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Eviction in Cleveland

March 4, 2018. Eviction Discussion in Cleveland

This past week saw the "kick off" for a community wide event around Matthew Desmond's book Evicted! If you have been paying any attention to rental housing news for the past year, you know that "Evicted!" has become a national sensation for exposing the impact of eviction on low income households. Maybe Cleveland's a year late to the party, this month's "community read" reveals to the enduring qualities of the book and the underlying issues for the community..

Last Friday's City Club Forum was anchored by WCPN Amy Eddings and featured presentations by Judge Ronald JH O'Leary of the Cleveland Housing Court, (RHINO member) Kris Keniray from The Housing Center, Hazel Remesh of Legal Aid Society of Cleveland and Willie Brown, a Housing Choice Voucher (HCV) tenant with first hand experience in Cleveland Housing Court.

While the forum moderator, WCPN's Amy Eddings, was informed and insightful, the print media coverage of the event was less than stellar. The Plain Dealer version of the telecast was muddled and missed key points. And Cleveland's Scene magazine turned the City Club event into another obit for Cleveland Tenants Organization (CTO), despite the fact that Legal Aid Society of Cleveland will be taking on some of the key CTO services.

But following the Forum, the Plain Dealer gets credit for printing an op/ed by Legal Aid's Hazel Remesch on the topic of eviction representation. "In 2017, a mere 1 percent of tenants facing eviction in Cleveland were represented by an attorney, usually from our team at Legal Aid. For the eviction cases we handle, we prevent 99 percent of evictions."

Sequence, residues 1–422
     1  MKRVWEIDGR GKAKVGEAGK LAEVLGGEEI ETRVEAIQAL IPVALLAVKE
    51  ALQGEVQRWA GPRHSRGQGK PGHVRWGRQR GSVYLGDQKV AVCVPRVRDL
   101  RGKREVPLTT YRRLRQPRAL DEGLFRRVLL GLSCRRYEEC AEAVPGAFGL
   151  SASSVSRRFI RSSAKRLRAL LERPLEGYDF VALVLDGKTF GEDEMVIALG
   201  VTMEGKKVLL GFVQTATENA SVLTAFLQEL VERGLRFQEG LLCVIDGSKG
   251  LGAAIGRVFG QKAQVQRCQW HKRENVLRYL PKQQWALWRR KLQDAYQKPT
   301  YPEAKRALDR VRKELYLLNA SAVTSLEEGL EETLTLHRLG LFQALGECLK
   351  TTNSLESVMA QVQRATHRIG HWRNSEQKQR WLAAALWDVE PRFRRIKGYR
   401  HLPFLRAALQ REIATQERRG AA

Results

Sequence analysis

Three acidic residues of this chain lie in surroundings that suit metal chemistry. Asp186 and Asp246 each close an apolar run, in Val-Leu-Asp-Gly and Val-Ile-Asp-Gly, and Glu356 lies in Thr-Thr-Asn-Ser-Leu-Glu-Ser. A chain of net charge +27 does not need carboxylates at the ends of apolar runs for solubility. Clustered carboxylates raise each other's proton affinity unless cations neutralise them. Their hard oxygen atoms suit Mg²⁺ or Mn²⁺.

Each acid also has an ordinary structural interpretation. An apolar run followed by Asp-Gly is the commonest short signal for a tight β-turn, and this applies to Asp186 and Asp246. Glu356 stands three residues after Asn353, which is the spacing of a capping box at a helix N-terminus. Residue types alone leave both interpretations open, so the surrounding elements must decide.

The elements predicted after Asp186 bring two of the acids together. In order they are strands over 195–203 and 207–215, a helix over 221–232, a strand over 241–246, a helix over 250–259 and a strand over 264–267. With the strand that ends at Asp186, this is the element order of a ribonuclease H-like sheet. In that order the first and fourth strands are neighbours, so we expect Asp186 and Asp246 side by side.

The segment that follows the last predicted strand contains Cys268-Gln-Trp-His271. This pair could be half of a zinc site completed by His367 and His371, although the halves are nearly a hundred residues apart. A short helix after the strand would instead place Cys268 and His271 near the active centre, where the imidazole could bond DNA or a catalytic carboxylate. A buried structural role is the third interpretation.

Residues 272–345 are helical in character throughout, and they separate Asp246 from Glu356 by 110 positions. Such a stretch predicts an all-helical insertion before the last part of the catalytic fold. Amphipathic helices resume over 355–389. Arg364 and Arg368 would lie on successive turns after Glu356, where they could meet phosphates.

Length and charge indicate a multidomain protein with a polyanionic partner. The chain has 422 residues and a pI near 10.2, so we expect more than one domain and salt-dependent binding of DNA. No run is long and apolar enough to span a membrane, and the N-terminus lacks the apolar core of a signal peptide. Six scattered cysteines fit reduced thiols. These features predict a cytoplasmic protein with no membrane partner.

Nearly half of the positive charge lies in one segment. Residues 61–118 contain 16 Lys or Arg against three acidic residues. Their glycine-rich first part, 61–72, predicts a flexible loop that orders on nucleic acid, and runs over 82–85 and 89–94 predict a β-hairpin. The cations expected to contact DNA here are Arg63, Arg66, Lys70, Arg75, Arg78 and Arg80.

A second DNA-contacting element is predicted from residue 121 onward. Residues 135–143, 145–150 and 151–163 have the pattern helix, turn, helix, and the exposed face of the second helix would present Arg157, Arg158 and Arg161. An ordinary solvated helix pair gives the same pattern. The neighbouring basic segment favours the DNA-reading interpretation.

Key points from the forum

1. Most Cleveland evictions are for non-pay. Judge O'Leary said that the only solution is "pay your rent." He suggested that court mediation can help households make a "soft landing," eg. find another place to stay.

2. Judge O'Leary noted that most tenants in eviction court are unrepresented and that favors greater tenant representation. He suggested that tenant representation

would benefit landlords too. Maybe the court could analyze the difference that having representation makes on the outcome of the hearing?

3. WCPN's Amy Eddings pointed out that eviction hearings is only a subset of the involuntary displacements of households. Many tenants just go to prevent a court filing. Kris Keniray from The Housing Center noted the debilitating effects of "fear of eviction," include putting up with bad conditions. Willie Brown reported on his stress and the cost of just getting to court to offer a defense.

4. Hazel Remesch from Legal Aid cited the value of Housing Choice Vouchers in providing renter households with housing mobility, a third party inspection and an affordable household payment based on percentage of household income. Kris Keniray notes that less than 1/3 of eligible families actually get a Housing Choice voucher and that HCV households often face discrimination based on their subsidy.

Wait! There's more:

Listen to the whole show at